Published June 23, 2021
J. R. R. Tolkien never got far in writing a sequel to “The Lord of the Rings.” He found it “depressing” work and despite a few attempts, the project, tentatively titled “The New Shadow,” never made it past the first chapter. The story would have been something of a thriller, with the peace established after the defeat of Sauron threatened by plots and cults arising from the “inevitable boredom of Men with the good.”
This insight certainly applies to the current leadership of the Tolkien Society (of which Tolkien himself was once president), which has decided to desecrate his work. The group’s latest academic seminar includes presentations such as “Transgender Realities in The Lord of the Rings,” “The Queer in Tolkien’s The Lord of the Rings” and “Destabilizing Cishetero Amatonormativity in the Works of Tolkien.” Were these papers honest scholarship, they would be blank pages. Tolkien was a faithful Catholic whose work reflected his beliefs.
But as Tolkien knew, men are easily bored and dissatisfied, even with the good. So these scholars are narcissistically appropriating Tolkien’s greatness to serve the latest intellectual fashions, rather than appreciating it and engaging with it honestly. Whether just to impress tenure committees or out of true radicalism, these scholars approach Tolkien’s work as Sauron did Middle-Earth — with a lust for domination.
Projecting modern ideological obsessions onto Tolkien’s creation attempts to intellectually subdue someone else’s work. Of course, reading a text always includes interpretation, but interpretation is engagement, not control. Interpretation presumes Tolkien is speaking, or writing, to us. We may actively respond to what he wrote, and even bring our current concerns into our reading, but the author and his creation must be respected as partners in dialogue.
We must be willing to be led by the text — and to accept a “no” from it. The text will not always tell us what we want to hear, and the author might have been horrified at the thought of what we want. To read what we want into the text anyway is to dictate to the work and its author, rather than conversing with them.
Efforts to use Tolkien’s masterpiece to advance today’s ideological fashions arise from our culture’s overwhelming narcissism — assuming tales of Middle-Earth have to be about us and the preoccupations of the moment. For all of their talk of diversity and multiculturalism, people reading through this narcissistic lens cannot bear much variety, or stories about anything but them and their concerns.
This is why so much film, television, and fictional writing is drearily similar, despite a multitude of settings. Whether sci-fi, fantasy, or historical drama, the characters always seem to think and speak in recognizably modern terms. Writers invent worlds and then fill them with stock characters and stories from our own time.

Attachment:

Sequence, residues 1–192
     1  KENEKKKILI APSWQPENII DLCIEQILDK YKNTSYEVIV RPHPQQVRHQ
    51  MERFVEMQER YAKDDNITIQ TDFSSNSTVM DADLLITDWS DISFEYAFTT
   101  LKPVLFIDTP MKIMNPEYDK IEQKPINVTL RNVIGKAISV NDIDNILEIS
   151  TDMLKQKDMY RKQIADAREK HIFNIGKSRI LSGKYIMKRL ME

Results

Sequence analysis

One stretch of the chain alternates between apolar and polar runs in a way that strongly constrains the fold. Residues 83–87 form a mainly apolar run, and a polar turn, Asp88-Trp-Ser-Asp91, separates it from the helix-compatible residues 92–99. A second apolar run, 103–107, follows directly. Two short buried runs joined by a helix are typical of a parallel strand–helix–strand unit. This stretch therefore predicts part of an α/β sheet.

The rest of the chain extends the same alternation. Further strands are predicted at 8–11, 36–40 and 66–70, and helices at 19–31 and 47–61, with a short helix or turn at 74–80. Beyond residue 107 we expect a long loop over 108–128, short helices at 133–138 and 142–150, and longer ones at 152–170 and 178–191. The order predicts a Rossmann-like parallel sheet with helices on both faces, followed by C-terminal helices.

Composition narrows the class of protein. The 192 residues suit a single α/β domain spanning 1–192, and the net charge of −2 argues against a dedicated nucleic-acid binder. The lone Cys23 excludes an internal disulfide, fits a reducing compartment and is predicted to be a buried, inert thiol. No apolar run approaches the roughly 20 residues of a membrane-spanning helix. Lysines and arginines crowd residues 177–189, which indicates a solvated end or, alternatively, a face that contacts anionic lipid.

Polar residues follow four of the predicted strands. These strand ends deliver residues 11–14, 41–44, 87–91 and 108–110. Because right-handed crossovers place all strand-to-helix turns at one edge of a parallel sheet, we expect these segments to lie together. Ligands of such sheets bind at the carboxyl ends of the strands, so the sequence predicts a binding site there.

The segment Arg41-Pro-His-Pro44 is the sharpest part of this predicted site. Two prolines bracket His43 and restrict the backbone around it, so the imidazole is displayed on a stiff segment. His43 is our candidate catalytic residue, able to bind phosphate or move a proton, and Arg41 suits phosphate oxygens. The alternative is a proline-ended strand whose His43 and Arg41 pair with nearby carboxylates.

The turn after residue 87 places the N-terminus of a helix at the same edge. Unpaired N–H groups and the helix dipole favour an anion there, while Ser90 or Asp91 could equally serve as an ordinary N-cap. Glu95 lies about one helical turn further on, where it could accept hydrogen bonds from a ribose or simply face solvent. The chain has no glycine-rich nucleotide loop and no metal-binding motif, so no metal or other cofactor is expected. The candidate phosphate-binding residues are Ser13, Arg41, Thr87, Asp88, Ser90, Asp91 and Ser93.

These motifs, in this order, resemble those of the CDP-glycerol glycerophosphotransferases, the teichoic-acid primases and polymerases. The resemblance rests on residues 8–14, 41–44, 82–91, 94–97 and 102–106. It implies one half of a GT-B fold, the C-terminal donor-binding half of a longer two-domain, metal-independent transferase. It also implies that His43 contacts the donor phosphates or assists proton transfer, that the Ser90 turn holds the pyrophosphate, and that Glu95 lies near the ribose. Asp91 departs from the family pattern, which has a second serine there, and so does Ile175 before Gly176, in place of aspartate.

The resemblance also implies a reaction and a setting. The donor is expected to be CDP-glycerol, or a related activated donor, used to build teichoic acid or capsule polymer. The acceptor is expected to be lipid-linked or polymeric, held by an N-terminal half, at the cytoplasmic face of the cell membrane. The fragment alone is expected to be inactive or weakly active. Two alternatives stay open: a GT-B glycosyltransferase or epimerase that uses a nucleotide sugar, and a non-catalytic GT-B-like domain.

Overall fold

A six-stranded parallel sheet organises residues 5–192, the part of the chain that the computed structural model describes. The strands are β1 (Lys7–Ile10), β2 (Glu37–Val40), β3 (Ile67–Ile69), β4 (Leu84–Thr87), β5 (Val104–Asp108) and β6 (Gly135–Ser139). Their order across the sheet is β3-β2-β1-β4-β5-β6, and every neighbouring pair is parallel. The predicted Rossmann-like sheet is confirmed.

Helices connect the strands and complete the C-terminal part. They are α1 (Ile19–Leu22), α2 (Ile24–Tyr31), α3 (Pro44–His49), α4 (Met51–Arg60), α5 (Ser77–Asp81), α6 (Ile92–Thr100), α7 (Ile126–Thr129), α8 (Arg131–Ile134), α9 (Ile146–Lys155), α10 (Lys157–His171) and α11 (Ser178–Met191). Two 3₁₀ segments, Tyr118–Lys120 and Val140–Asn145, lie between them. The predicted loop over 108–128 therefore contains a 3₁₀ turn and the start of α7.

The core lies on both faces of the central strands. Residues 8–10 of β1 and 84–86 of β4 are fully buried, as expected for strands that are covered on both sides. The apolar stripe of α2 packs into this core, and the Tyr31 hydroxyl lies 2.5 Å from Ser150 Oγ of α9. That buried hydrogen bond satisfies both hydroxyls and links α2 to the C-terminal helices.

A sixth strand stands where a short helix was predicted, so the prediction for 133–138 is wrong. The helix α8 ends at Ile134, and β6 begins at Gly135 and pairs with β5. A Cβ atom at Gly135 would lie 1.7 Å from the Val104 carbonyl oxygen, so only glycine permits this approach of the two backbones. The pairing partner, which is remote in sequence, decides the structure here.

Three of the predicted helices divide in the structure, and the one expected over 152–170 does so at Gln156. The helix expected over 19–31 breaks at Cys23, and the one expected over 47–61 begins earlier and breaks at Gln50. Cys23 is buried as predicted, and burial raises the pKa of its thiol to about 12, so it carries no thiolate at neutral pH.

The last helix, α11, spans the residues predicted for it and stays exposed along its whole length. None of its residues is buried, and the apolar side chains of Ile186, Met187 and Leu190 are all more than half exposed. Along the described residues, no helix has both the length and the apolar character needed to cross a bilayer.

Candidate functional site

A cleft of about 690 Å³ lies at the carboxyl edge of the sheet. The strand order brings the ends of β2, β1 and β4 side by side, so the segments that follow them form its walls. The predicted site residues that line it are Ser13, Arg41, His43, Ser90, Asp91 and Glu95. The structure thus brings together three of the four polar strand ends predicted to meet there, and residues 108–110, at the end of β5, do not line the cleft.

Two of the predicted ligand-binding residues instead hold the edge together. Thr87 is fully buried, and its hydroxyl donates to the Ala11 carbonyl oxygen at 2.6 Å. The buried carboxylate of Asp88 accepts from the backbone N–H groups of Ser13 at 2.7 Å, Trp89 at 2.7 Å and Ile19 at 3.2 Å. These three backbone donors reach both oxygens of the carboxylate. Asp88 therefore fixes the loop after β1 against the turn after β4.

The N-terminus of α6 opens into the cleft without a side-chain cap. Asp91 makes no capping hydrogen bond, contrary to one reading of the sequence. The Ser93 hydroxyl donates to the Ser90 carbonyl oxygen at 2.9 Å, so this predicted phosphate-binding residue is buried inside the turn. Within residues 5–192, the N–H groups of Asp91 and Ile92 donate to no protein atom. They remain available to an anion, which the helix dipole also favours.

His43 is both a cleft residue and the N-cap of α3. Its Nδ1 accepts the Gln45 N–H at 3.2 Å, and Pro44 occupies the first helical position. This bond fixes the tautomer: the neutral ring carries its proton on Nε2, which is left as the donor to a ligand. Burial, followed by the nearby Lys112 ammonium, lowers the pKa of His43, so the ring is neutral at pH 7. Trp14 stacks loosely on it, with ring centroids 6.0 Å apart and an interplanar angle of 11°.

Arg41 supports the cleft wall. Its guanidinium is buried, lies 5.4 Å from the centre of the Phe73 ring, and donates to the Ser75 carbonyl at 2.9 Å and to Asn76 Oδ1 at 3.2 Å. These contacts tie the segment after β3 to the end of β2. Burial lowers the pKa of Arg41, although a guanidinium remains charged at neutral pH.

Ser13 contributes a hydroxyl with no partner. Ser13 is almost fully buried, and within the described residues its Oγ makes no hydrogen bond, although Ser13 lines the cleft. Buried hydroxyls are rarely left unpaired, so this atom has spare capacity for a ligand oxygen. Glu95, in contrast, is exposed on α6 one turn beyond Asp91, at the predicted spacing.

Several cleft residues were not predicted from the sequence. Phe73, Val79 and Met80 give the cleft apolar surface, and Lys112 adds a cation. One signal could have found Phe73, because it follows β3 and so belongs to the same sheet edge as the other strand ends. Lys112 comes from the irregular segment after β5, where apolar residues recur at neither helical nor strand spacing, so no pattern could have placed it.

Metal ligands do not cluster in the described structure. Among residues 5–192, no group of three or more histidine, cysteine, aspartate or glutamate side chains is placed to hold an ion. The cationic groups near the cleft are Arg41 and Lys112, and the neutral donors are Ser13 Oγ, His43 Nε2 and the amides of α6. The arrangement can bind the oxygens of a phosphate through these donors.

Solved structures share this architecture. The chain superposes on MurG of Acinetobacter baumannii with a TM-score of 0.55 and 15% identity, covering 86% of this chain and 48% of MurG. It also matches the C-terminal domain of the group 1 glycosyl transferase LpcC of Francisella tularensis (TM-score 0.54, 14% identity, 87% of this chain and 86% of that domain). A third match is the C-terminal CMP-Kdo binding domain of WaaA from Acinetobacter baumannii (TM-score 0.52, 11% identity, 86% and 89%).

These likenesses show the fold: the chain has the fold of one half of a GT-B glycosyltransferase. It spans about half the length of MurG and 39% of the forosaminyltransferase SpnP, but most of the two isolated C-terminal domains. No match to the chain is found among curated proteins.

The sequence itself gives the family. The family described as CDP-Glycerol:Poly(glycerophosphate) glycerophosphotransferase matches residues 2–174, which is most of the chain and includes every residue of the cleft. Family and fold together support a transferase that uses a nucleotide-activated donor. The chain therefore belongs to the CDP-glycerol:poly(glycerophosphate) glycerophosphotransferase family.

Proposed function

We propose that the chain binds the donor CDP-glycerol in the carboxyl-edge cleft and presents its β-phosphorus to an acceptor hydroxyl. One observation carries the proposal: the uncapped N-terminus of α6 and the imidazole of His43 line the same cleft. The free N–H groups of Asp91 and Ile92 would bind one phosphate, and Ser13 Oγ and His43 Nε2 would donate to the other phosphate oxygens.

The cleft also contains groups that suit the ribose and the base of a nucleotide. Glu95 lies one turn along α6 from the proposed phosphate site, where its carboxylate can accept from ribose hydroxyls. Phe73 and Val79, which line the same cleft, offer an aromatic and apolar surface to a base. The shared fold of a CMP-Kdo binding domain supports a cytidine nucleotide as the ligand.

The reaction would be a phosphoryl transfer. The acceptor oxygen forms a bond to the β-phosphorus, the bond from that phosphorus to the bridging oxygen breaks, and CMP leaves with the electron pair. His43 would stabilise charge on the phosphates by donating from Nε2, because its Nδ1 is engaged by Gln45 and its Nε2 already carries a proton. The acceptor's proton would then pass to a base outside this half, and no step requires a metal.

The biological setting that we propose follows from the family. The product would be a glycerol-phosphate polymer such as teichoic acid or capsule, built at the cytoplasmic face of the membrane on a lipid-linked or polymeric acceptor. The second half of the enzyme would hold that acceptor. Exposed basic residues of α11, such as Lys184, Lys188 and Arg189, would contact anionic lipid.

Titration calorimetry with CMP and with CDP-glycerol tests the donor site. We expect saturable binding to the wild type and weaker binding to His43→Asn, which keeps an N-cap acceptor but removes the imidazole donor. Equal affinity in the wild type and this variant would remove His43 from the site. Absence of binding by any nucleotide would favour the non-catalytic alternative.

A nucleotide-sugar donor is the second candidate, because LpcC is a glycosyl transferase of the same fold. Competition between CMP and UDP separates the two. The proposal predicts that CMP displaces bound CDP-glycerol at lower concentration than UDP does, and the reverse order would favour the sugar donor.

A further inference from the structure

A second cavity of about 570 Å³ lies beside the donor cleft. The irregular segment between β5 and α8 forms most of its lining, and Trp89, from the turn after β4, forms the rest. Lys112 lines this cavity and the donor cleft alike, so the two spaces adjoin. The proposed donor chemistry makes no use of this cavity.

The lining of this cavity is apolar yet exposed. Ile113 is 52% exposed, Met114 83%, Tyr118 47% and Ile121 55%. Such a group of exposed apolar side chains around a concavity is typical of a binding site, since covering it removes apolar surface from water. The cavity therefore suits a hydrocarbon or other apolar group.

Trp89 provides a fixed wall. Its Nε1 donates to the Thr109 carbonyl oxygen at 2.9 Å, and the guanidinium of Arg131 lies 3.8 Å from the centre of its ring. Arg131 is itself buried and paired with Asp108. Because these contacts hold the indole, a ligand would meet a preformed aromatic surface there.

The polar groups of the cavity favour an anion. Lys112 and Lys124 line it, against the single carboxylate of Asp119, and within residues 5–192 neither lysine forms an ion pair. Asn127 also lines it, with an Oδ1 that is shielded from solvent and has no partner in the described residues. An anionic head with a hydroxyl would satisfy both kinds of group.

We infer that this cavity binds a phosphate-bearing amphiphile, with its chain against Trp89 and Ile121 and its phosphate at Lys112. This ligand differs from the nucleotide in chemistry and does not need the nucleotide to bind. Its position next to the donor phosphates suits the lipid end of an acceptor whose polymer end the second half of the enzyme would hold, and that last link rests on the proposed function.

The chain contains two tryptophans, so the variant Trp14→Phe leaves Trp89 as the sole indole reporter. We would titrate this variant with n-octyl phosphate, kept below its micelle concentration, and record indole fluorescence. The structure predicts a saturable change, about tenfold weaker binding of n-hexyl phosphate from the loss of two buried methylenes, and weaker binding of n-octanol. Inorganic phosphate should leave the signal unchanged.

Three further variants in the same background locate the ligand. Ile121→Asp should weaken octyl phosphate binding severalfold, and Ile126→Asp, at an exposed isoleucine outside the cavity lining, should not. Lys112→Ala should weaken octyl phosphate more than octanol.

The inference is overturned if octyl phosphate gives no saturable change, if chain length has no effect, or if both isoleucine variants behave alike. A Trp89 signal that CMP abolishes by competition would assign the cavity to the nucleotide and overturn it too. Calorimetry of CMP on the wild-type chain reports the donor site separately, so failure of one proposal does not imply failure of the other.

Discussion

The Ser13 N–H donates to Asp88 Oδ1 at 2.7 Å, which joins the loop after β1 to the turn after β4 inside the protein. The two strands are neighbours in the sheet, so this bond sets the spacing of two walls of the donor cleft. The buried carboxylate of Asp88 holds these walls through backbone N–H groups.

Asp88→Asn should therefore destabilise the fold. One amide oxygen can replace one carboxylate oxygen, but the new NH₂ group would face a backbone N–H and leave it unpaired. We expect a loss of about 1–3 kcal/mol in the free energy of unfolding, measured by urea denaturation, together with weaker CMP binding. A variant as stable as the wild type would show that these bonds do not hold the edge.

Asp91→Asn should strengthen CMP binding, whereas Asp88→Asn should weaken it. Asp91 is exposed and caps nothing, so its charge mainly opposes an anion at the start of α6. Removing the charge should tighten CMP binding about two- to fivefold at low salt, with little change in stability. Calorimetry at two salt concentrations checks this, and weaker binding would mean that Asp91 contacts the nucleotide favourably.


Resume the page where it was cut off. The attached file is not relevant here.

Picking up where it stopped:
Predictably, this produces bad art and entertainment that is quickly obsolete. Today’s works will soon be out of fashion and perhaps denounced as problematic in their turn. As a result, there’s an incentive to appropriate great works of the past and absorb them into the latest trends.
Some trying to find transgenderism in Tolkien may feel they are doing him a favor; instead of denouncing him, they are finding ways to integrate him (albeit not without problematizing and critiquing him) into today’s vogue opinions. It’s a bit like what Augustine did for Platonism and Aquinas did for Aristotle, only here it is the Catholic writer being brought into a new, post-Christian system of belief.
But this effort illuminates the folly of trying to make Tolkien’s work compatible with today’s trends. The endurance of “The Lord of the Rings,” along with “The Hobbit” and various materials edited and posthumously published by Christopher Tolkien, is not because of the Tolkien Society and its dubious scholarship. These books and their stories are timeless because they present a vision of goodness and beauty far better than what is offered today.
Critics have scorned Tolkien’s tales of magic and monsters as adolescent, but it is our culture that idolized self-indulgent perpetual adolescence. Tolkien’s works use armies of monsters commanded by an incarnate Dark Lord to illustrate adult virtues and moral complexity. His moral vision is far more advanced than those who worship their own desires as the highest good.
For readers who heed him, Tolkien instills a longing for that which is noble and beautiful, and instructs us in the need for humility and kindness. He also tells a good story, which keeps readers coming back.
“The Lord of the Rings” provides an antidote to the problem Tolkien identified in his abandoned sequel. Against the human propensity to become bored, even with peace and plenty, Tolkien sets a story that kindles the moral imagination to aspire to that which is great and beautiful. His work will therefore always resist those who seek to pervert it to their own ends.